If you're considering weight loss surgery, prepare to make changes that last
"When you're seriously overweight, it affects your social life, your
health," says Atul Madan, MD, chief of bariatric surgery at the University of
Miami School of Medicine. "This surgery helps people get past their cravings.
They're much healthier, their social interactions get better. It affects them
in so many ways."
But bariatric surgery is only one tool to help achieve weight loss. You’ll
Weight loss surgery is expensive. Typical costs can run from $20,000 to $25,000, according to the National Institute of Diabetes and Digestive and Kidney Diseases.
The price of your weight loss surgery will depend on several factors:
The type of surgery you're having. Types of weight loss surgery include gastric bypass, adjustable gastric banding, vertical gastric banding (also called stomach stapling), sleeve gastrectomy, and biliopancreatic diversion. Each has a different fee.
Your surgeon's fee. This will vary based on where you live, your surgeon's expertise, and the procedure’s complexity.
The hospital you choose. Costs will vary and may include the operating and hospital rooms, among other fees.
Additional costs may include:
Surgical assistant's fee
Consultant fees (if necessary)
Follow-up procedures (for the gastric band)
Will Health Insurance Pay?
If you have health insurance, read your policy carefully, and work closely with your insurer and your doctor to see what's covered.
Most insurance companies recognize that people who are overweight and obese are more likely to get serious health conditions such as type 2 diabetes, high blood pressure, heart disease, high cholesterol, and sleep apnea. In fact, there’s plenty of evidence that bariatric surgery can improve or resolve up to 30 obesity-related conditions, according to the American Society for Metabolic and Bariatric Surgery.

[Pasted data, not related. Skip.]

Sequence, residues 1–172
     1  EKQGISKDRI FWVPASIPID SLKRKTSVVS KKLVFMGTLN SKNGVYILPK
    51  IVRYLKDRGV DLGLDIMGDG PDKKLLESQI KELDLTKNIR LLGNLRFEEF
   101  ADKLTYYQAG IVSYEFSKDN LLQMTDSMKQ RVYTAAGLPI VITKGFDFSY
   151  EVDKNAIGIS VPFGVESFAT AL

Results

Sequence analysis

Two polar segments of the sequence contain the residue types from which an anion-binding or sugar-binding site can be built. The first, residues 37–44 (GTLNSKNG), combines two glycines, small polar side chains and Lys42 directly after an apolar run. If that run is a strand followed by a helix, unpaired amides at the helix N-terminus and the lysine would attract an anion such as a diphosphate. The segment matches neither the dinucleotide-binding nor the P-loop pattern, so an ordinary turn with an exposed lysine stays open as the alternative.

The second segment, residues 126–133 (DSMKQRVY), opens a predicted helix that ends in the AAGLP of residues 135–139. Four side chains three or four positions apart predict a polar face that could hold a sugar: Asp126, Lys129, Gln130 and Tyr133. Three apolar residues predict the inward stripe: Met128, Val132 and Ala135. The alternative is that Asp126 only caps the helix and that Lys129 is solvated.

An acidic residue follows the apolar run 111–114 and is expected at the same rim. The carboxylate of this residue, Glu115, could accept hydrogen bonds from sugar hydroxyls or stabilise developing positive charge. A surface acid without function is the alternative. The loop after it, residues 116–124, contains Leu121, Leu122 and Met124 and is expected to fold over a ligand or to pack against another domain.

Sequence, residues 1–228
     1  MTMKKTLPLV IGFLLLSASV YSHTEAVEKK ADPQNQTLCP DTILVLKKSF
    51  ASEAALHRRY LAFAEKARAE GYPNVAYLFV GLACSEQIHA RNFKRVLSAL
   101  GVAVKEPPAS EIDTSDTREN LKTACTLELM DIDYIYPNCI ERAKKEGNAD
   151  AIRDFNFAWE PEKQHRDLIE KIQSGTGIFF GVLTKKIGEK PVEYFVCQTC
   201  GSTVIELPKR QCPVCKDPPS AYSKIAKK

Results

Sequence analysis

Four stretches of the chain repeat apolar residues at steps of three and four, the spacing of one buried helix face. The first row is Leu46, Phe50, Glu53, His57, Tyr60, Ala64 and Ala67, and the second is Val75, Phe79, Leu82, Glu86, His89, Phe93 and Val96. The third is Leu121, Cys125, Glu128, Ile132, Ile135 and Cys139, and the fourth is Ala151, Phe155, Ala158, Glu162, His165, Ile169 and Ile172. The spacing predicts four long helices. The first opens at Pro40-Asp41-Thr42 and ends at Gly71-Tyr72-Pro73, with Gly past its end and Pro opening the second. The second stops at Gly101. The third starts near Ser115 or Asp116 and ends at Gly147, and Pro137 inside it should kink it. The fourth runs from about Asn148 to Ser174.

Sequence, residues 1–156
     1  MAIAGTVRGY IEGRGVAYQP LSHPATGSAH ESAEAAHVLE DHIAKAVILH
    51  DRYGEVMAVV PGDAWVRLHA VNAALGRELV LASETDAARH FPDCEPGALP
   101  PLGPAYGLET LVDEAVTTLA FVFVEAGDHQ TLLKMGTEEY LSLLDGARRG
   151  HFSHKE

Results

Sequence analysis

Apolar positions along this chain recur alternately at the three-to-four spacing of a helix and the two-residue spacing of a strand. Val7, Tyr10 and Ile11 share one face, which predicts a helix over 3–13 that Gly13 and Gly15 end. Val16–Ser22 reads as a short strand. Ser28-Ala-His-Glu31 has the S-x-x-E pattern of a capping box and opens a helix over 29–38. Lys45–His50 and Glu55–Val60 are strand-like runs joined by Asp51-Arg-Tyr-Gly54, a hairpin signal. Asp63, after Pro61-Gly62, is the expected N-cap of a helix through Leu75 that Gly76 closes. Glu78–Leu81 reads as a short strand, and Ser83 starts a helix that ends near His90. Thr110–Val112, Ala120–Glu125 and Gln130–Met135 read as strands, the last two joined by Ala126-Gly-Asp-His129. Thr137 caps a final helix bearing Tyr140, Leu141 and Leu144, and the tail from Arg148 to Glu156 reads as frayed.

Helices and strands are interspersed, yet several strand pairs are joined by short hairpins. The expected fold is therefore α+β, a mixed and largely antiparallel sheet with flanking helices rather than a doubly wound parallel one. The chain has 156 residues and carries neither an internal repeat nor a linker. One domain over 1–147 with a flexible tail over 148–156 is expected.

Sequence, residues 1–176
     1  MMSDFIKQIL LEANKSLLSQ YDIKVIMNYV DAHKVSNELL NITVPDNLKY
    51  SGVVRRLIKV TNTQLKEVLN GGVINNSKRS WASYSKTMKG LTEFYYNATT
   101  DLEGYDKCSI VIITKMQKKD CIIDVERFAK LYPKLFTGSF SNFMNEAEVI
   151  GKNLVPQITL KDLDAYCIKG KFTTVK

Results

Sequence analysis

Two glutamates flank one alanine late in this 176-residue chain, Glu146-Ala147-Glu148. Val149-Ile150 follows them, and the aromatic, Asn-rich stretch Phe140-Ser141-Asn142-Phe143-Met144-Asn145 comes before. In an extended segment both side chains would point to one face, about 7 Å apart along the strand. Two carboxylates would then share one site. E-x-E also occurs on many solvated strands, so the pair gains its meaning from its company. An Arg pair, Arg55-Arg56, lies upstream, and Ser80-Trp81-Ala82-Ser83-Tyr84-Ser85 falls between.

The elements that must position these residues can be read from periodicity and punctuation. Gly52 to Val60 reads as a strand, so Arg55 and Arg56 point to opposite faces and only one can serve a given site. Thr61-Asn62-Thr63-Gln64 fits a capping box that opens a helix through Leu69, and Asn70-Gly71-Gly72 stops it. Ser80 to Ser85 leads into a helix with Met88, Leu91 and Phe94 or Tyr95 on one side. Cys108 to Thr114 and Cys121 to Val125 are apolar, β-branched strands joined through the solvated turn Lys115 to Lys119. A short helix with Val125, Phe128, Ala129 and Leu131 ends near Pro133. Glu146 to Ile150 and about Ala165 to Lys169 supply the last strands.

If you don’t have health insurance, you’ll likely have to pay the entire bill yourself. Some weight loss surgery centers can help you get a loan that you can repay over a number of years.
Getting Your Insurance to Pay for Weight Loss Surgery
Most major insurance companies will require:
Proof that surgery is medically necessary. Your surgeon can help provide your medical history and documentation of your weight-related health problems.
Participation in a physician-supervised diet program. You may be required to successfully complete a 6-month weight-loss program before approval is granted. Medicare does not require this 6-month program, but you may be encouraged to participate anyway. This type of diet program involves monthly visits to your bariatric surgeon's office for 6 months. The insurance companies aren’t trying to find out if you can lose weight through dieting. In fact, most insurance companies require that the patient's weight be stable during this time -- with no up-and-down fluctuations -- or you may be denied coverage. They want you to demonstrate over the 6 months prior to surgery that you can commit to lifestyle changes you’ll need to make forever after your weight loss surgery.
A psychological evaluation. This is to make sure that you understand weight loss surgery and the impact it will have on your lifestyle. The psychological evaluation also checks for untreated binge eating or any other psychological issues.
A nutritional evaluation. You will work one-on-one with a nutritionist to outline specific dietary changes and habits that need to be changed.